Thursday, 14 May 2009

To Twitter or not to Twitter that is the question

Once again i have been dragged into argunments recently about Twitter and more specifically its value as a tool for marketing. So just to make my position clear i have copied below my April Eastern Daily Press column in which i set out my views on the subject.

It is worth noting that since then a poll on Marketing Weeks magazine website has 44.4% of marketing professionals thinking it is a significant tool and an equal 44.2% thinking ot with 11% unsure yet. Certainly in America a new poll by Harris has speculated that because of the recent media hype and take up by everyone from Martha Stewart to Opra Winfrey the younger age groups are now leaving Twitter to look for the next cool thing.

Anyway here's the column and if you agree or disagree feel free to comment or email me your views at

I was recently asked by a colleague about creating a feed on Twitter for one of our commercial sites. For those who don’t know, Twitter is a micro blogging site, micro because each post has to be less than 140 characters. It has become extremely famous very quickly as it has become the darling of the media. Every celebrity known to mankind seems to have their own twitter page and the media does love to write about it. Sky News even has a twitter correspondent for crying out loud.

Twitter was designed for friends to let each other know what they are doing in brief statements. However research from O2 has shown that UK businesses are sending about 3m posts a day with 700,000 business using the services. But what are they saying? In effect they are saying very little to a small amount of people who are not interested. It is just the next big thing and another bandwagon that businesses think they should be on. Don’t get me wrong Twitter for individuals can be fun, even the voyeuristic pleasure of reading posts written by celebrities themselves not the distorted and re-interpreted words from celebrity magazines is interesting. However a marketing tool it is not.

A couple of years ago Second Life, the online virtual world, was all the flavour. Thousands of businesses paid a lot of money to create their own environments within this virtual world but now two years down the line many are pulling out. Why, because they simply cannot justify the expense. The Department for Work and Pensions has had to defend publicly its “waste” of tens of thousands of pounds of taxpayers' money in building a government “innovations centre” in this virtual land. The users moved on to the next cool thing. Second Life “jumped the shark” (it’s a colloquialism, look it up in Wikipedia) and Twitter will be next. Ever since Jonathon Ross banged on about it on his show and Stephen Fry and Philip Schofield made it famous, the early adopters, those that many businesses want to target, decided to move on to the next big thing.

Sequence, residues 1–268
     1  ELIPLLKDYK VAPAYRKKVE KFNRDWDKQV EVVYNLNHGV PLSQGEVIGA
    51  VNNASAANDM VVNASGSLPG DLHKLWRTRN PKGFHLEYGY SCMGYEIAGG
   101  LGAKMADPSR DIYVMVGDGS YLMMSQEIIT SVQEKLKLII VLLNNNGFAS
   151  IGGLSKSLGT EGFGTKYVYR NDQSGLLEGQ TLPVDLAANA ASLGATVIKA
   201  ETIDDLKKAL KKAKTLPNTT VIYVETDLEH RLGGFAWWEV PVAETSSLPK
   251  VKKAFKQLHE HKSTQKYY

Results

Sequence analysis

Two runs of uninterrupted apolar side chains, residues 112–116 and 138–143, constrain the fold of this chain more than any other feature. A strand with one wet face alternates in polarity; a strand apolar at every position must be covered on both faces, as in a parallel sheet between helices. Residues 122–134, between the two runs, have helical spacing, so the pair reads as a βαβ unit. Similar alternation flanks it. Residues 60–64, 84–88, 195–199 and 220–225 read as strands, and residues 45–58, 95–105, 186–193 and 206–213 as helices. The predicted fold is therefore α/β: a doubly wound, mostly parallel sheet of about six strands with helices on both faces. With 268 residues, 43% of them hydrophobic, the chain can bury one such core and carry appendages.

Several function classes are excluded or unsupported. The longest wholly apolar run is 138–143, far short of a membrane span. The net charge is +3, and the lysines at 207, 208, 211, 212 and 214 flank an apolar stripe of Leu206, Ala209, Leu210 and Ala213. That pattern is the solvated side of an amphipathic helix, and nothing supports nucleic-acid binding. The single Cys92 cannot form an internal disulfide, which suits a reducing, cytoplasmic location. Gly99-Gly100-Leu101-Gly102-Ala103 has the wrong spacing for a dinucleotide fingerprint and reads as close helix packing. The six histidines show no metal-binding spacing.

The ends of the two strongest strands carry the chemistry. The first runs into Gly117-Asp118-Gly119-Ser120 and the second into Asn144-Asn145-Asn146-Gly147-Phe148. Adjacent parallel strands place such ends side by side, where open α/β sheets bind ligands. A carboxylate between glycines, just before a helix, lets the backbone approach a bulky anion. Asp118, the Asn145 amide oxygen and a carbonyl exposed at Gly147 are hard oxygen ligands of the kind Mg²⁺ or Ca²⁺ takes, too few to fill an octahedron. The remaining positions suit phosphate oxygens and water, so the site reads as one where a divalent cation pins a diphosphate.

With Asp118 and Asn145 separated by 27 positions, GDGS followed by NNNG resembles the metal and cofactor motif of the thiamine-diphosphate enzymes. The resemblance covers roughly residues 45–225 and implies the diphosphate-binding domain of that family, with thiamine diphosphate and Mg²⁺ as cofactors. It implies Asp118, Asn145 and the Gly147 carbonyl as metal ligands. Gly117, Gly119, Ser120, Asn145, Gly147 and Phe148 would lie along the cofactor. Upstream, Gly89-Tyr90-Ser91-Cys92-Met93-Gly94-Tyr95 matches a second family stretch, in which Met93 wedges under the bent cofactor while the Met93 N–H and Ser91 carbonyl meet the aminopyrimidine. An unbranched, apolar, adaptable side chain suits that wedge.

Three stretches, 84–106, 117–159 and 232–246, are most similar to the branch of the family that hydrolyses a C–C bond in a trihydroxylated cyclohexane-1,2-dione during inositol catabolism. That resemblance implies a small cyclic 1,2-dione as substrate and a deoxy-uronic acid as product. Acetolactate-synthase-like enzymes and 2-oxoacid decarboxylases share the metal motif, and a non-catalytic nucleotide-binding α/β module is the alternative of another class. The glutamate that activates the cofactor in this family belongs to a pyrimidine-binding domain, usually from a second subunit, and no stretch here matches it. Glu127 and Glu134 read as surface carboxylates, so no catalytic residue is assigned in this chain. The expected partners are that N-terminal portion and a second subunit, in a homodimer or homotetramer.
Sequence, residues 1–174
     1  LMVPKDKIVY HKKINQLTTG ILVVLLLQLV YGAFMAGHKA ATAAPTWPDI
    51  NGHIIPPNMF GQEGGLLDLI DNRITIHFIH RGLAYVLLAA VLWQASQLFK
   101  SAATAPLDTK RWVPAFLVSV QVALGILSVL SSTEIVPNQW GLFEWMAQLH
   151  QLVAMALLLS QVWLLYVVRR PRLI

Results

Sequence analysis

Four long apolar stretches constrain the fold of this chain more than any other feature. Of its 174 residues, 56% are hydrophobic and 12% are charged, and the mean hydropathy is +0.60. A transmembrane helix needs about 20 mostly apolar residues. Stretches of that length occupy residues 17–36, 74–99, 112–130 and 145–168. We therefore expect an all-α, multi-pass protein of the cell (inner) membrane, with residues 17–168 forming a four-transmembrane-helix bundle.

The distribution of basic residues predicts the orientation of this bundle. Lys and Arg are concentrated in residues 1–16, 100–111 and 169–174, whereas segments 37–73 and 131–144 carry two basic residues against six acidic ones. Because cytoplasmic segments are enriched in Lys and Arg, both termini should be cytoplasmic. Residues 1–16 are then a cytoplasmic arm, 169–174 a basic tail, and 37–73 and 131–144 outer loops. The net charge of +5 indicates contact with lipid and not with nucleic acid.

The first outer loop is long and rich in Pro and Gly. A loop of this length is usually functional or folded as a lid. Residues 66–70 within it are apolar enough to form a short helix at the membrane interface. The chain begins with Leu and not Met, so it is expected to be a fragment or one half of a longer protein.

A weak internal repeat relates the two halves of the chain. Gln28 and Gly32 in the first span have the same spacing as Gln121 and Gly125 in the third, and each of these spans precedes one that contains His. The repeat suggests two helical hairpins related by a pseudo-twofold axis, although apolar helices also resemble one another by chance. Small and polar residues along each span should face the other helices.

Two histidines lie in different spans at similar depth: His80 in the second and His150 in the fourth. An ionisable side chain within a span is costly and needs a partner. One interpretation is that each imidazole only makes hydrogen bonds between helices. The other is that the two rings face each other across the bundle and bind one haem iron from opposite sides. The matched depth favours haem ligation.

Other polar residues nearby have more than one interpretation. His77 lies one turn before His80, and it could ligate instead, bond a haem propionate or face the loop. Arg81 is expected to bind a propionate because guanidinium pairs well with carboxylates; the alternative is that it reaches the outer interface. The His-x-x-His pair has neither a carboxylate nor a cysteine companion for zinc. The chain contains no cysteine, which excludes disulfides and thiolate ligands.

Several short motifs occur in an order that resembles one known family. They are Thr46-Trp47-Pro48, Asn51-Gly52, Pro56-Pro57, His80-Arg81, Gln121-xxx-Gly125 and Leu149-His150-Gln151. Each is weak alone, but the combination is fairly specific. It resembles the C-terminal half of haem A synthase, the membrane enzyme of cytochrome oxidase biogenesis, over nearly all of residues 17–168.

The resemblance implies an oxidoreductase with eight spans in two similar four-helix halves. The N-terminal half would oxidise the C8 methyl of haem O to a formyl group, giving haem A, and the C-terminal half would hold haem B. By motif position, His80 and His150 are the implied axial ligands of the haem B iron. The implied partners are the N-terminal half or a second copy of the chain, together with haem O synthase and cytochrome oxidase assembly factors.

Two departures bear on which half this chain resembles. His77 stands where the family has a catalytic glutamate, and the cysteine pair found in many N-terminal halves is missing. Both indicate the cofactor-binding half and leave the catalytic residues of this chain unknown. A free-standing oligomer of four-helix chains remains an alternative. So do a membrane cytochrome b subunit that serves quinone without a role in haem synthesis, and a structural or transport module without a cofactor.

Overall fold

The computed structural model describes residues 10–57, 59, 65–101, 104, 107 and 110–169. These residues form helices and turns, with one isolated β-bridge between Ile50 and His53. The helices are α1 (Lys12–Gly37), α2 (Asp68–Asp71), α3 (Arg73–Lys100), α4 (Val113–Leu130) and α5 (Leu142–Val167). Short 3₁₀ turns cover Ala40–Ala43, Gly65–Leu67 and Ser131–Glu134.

Geoffrey Moore, in his 1991 book Crossing the Chasm, created a life cycle for successful technology products and named groups of users based on the timing of the use of that technology. These are innovators, early adopters, early majority, late majority and eventually onto laggards. Twitter is current moving into early majority but it needs to make money. In reality most of today's social networking businesses will struggle to make a viable business. Evan Williams, one of the team behind Twitter has said “We will make money, but we can't predict exactly what's going to work,” Which is great when you get multi-million funding boosts but not when they run out.

Web 2.0 history is now starting to get littered with social sites, from Friends Re-united, Pandora, Bebo, Second Life, MySpace, Flickr, You Tube, Facebook and now Twitter. All in their time have been heralded as the future of the web and the next Google in terms of revenue potential. Some have been lucky to have been bought for millions of pounds ensuring that their creators retire in luxury. However although some still have vast audiences none have lived up to the hype. There is always something else just around the corner.

So for any business who is thinking they must be on twitter, ask yourself, why do you really want to be on it? Who are you trying to attract and what are you going to say? And is there some better way of communicating with your target consumers? My advice would be sign up, but just to find out what Philip and Steven are doing today as tomorrow they will probably be on something else.

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